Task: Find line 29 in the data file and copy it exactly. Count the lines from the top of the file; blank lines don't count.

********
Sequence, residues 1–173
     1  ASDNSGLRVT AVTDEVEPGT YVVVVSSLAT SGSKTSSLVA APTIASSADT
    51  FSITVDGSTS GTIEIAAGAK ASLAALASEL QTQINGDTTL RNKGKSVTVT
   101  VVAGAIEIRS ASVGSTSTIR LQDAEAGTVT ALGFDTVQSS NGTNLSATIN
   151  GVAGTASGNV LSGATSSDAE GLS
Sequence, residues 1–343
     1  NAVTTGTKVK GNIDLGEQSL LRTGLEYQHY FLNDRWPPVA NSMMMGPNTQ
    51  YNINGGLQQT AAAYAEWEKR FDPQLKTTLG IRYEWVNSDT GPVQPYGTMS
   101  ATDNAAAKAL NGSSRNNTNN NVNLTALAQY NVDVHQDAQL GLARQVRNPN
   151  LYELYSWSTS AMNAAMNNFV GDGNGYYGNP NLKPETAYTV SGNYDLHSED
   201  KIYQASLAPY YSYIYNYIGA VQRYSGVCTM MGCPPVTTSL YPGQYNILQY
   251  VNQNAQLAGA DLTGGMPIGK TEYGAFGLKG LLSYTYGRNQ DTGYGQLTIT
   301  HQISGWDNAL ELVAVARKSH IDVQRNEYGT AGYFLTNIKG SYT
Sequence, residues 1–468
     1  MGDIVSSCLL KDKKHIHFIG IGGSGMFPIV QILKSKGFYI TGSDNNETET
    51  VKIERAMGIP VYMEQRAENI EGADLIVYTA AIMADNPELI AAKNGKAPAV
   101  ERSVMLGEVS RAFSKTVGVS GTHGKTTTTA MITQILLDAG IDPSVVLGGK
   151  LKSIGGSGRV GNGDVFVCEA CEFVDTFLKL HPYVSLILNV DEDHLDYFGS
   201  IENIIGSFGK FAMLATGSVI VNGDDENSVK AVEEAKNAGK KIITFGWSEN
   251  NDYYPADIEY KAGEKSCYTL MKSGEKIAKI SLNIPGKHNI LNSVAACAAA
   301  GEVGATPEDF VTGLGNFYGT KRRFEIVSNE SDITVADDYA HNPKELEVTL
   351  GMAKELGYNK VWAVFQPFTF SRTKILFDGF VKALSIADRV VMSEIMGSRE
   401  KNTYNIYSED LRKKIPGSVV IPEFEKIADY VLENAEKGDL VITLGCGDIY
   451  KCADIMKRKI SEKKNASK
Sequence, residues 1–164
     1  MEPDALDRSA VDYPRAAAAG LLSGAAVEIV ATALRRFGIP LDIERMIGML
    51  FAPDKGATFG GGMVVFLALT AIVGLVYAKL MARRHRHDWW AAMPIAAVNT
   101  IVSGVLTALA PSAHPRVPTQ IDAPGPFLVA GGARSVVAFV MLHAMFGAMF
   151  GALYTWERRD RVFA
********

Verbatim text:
   151  GALYTWERRD RVFA